A deep dive into an isometric world

The fitness world is home to a subculture that runs deep. And as with all subcultures, the debate is often internal.

A quick look at Reddit might make it clear. yoga practitioners clash with pilates enthusiasts, bodybuilders criticize how powerlifters squat, powerlifters criticize those who can’t deadlift 300 pounds, runners throw shade at lazy lifters.

Most of these conversations are friendly, but tensions can really flare. This is especially true when discussing underrated or underrated exercises, a topic that everyone with a gym membership seems to have an opinion on.

My opinion. The most underrated exercise isn’t really an exercise at all, but rather a training technique. It’s called isometrics.

Isometrics are defined

Isometrics are exercises in which the target muscles produce force without any noticeable movement.

Wall squatting is a vivid example of this. With your back against the wall, lower your butt until your knees are at a 90-degree angle. Hold this position for a minute or so and there it is. Try a few sets and see how your feet feel afterwards to understand the benefits.

How Muscles and Isometrics Work

When muscle fibers are activated, they contract to produce the force needed to perform the task. This process begins in the brain, where the nervous system sends signals that travel through the body along pathways called motor neurons. They cause muscle contractions that cause movement.

As our bodies move through a full range of motion, muscles change through phases of contraction. During the eccentric phase, the target muscle is lengthened (think of the lowering phase of a push-up). During the concentric phase, the target muscle is shortened (think of the lifting phase of a push-up). Add a pause somewhere between those two phases and you have an isometric contraction.

During an isometric contraction, the muscles recruited by motor neurons never relax. There is constant and prolonged tension throughout the exercise, and this tension is the magic that makes isometrics so effective.

Isometrics in action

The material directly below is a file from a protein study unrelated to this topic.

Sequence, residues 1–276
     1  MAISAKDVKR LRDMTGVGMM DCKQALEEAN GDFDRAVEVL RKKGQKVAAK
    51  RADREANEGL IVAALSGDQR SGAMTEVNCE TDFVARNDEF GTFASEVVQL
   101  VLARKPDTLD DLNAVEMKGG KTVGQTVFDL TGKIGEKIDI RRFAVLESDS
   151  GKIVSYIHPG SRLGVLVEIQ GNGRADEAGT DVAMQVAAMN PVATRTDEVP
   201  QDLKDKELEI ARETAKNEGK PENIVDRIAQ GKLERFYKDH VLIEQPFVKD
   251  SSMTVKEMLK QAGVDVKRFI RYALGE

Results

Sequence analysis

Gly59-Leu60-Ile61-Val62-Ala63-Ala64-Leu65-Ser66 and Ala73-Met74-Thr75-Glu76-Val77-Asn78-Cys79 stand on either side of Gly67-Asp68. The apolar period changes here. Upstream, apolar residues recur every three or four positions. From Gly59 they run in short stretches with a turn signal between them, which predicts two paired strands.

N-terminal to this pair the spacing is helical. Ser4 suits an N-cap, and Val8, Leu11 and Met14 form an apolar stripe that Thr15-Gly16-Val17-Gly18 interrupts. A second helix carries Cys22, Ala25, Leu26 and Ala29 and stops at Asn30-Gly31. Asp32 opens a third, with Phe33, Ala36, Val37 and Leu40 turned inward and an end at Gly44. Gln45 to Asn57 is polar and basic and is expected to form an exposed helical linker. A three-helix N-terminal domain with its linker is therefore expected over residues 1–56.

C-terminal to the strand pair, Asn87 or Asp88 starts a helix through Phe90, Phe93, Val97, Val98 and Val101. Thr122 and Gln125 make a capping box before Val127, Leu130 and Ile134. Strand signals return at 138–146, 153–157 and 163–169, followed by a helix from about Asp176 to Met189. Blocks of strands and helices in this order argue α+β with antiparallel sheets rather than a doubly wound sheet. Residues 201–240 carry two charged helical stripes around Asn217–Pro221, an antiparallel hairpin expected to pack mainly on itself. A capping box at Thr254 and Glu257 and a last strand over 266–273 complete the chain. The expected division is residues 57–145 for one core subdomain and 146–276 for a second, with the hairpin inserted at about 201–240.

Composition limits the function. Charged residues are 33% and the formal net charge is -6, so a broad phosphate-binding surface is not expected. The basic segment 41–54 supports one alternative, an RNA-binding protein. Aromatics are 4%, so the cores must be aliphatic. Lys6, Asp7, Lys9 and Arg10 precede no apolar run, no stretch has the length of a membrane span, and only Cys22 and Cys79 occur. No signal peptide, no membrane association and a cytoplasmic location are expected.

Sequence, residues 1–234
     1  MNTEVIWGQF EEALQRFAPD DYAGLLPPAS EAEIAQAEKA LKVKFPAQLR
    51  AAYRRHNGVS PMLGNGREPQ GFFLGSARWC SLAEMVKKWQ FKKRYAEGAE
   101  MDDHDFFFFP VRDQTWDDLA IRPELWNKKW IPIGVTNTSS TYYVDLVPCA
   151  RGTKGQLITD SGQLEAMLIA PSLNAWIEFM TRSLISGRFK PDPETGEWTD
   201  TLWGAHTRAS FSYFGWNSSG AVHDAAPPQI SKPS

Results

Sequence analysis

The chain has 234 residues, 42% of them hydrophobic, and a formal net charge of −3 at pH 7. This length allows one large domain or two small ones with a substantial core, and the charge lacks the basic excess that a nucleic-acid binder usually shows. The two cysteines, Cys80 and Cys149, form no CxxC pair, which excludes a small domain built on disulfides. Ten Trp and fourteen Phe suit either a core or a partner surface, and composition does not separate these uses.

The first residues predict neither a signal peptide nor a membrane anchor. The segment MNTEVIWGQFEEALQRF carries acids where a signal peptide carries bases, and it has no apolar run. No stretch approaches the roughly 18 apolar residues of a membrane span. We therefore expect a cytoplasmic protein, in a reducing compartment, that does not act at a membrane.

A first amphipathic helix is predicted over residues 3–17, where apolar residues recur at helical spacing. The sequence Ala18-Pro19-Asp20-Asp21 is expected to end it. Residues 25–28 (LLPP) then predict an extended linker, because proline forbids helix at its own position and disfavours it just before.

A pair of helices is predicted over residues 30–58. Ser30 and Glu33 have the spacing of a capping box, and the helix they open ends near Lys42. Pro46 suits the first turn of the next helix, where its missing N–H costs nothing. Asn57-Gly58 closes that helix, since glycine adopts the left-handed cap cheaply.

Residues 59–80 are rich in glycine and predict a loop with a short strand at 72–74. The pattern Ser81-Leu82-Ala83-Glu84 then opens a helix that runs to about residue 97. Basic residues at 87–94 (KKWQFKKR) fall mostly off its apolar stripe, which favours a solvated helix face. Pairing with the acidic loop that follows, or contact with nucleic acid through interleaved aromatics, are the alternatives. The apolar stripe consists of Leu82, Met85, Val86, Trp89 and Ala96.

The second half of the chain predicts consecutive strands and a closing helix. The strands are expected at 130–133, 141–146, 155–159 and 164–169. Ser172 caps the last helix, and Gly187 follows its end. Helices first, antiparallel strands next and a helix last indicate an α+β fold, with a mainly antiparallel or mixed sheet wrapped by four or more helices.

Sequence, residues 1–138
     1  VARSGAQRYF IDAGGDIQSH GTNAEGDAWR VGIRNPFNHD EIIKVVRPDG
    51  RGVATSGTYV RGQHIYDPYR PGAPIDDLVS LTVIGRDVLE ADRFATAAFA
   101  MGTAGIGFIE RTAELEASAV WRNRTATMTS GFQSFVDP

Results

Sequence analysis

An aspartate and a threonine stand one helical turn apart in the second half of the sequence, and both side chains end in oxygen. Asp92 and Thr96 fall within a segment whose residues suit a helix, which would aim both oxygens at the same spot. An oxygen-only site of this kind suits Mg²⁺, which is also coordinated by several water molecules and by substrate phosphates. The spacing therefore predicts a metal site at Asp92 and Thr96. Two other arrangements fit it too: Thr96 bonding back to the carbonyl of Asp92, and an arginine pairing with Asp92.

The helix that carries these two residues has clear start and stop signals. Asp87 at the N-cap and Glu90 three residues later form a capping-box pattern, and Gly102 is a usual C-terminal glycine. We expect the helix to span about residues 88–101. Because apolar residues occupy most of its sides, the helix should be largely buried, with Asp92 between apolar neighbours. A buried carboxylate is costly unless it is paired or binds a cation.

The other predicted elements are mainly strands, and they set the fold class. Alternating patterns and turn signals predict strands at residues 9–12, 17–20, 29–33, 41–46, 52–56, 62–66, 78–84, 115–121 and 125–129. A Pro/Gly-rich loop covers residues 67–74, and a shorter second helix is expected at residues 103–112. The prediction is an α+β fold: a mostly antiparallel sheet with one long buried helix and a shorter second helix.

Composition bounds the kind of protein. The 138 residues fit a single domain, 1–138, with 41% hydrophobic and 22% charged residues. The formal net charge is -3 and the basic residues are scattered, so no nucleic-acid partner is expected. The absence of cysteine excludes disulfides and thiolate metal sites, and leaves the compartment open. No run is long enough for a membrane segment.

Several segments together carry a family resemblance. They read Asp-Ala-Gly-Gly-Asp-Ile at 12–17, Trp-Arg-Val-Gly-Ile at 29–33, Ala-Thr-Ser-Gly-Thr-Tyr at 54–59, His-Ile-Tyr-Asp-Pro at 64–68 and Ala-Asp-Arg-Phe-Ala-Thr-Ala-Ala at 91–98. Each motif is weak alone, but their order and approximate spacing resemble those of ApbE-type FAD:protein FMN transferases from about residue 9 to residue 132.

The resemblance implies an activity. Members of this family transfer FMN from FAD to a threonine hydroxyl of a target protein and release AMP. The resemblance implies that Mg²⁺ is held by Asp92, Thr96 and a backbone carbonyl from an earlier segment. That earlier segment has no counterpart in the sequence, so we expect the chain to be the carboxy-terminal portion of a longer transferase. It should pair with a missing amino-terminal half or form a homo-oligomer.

With the right tools and technique, isometrics can be manipulated to provide a training stimulus similar to a traditional barbell. Isometrics offer several additional and unique benefits, but the biggest one is that they target muscle tissues in a precise and limited range of motion. This makes them ideal for rehabilitating injuries and training weak areas in specific lifts (such as the initial phase of the deadlift or pushing the barbell off the chest during the bench press).

As with any other training method, to reap the greatest rewards from isometrics, you must use them correctly. To maximize muscle-building adaptations, you’ll want to use what’s called “yielding isometrics.”

Essentially, you assume a static position by holding a weight (either free or your own body weight) in place for 45 to 90 seconds. Planks, chin ups, or a pair of dumbbells with arms out by the side toward the floor are all examples of yielding isometrics.

With the help of some specialized equipment, isometrics can also be used to build strength. By pushing or pulling a stationary object with full force for 10 to 20 seconds (an approach called “overcoming isometrics”), we train our nervous system to work more efficiently by recruiting more muscle fibers. My favorite form of this type of training is the rack iso deadlift. is and Smith machine iso bench press.

Maximum use of the method

As effective as isometrics can be, they can be a little, well, boring. A deep squat isn’t the most exciting way to spend 60 seconds.

This is why there are several variations in both categories of isometric techniques. There’s the statodynamic method, functional isometrics, isometrics, loaded stretching, reactive isometrics—a whole world of programming parameters to help keep your training fresh and engaging.

If you choose to incorporate isometrics into your routine, choose one or two variations that serve to support your goals and learn how to make the most of them over the course of three to four weeks. After that, explore a new method and compare your results. Chances are you’ll discover a style that turns you into an isometric club.

Paul Landini is a personal trainer and health educator in Kitchener, Ont.

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